Wells Fargo profit beats estimates; mortgage loans slump
By Peter Rudegeair and Anil D'Silva
(Reuters) - Wells Fargo & Co (WFC.N: Quote) posted a better-than-expected 11 percent jump in quarterly profit as it cut costs, but mortgage lending slowed to the lowest level in five years.
The fourth-largest U.S. bank by assets said core lending grew by 6 percent, boosted by a sharp jump in trade finance, commercial real estate and other loans to foreign companies and a 10 percent rise in auto loans - a feat that Chief Financial Officer Tim Sloan called "absolutely terrific." The bank also dipped into money it had set aside to cover bad loans, as credit quality improved with a recovering economy.
"We sit here this January as an economy, and frankly as a company, in better shape than I have sat here in the last five or six Januaries," Chief Executive John Stumpf said on a conference call after Wells Fargo reported its results. He said he is optimistic that loans and revenues could increase over time.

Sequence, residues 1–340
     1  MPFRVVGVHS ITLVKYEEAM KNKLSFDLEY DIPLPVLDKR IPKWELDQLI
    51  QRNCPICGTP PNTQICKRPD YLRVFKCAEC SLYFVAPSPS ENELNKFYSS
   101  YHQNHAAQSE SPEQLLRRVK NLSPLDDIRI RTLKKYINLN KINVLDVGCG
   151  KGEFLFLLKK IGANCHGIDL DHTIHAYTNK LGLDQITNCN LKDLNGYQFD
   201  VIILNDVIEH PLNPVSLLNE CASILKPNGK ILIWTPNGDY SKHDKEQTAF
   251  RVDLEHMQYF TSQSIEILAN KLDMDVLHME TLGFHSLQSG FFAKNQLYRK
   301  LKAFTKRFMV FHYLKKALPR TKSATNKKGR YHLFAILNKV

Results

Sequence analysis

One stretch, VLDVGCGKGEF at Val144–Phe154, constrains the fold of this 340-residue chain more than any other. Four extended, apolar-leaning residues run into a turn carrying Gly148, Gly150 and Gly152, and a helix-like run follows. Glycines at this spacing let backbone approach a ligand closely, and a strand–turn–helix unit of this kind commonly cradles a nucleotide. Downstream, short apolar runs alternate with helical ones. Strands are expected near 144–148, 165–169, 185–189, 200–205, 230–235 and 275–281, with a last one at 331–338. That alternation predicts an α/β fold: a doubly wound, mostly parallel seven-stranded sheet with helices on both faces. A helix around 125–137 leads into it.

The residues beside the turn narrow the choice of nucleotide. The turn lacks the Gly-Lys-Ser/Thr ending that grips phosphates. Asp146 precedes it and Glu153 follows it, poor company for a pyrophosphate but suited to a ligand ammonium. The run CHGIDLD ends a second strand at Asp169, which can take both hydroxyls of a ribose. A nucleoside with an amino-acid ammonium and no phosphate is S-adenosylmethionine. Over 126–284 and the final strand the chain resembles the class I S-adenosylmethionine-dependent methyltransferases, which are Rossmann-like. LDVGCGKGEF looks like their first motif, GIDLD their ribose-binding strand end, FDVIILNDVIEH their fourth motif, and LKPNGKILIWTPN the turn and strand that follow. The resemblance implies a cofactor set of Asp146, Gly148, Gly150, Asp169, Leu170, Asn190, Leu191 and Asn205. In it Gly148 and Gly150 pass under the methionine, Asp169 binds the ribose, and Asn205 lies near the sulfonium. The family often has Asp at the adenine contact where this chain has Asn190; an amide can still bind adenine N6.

Stumpf's somewhat upbeat outlook shows how the industry is still waiting for the economic recovery to translate into more broad-based loan growth and profits.
The mortgage business, which had been one bright spot for banks such as Wells, suffered a steep decline industry-wide as fewer consumers refinanced home loans because of higher mortgage rates. At Wells Fargo, the mortgage decline overshadowed improvements in many of its 89 other businesses. The bank's revenue fell 6 percent to $20.7 billion.
Wells made nearly one in five U.S. home loans in the first nine months of 2013, according to industry publication Inside Mortgage Finance. In 2013, the business accounted for 10 percent of the bank's overall revenues.
"They have various other business lines to offset" the decline in mortgages, said Christopher Mutascio, a banking analyst at Keefe, Bruyette & Woods. "But that's just it - they can only offset it; they can't grow revenue."
Wells Fargo made $50 billion of residential mortgage loans in the quarter, less than half the $125 billion in the same period a year earlier and down from $80 billion in the third quarter. Income from mortgage lending fell to $1.6 billion from $3.1 billion in the fourth quarter of 2012. Continued...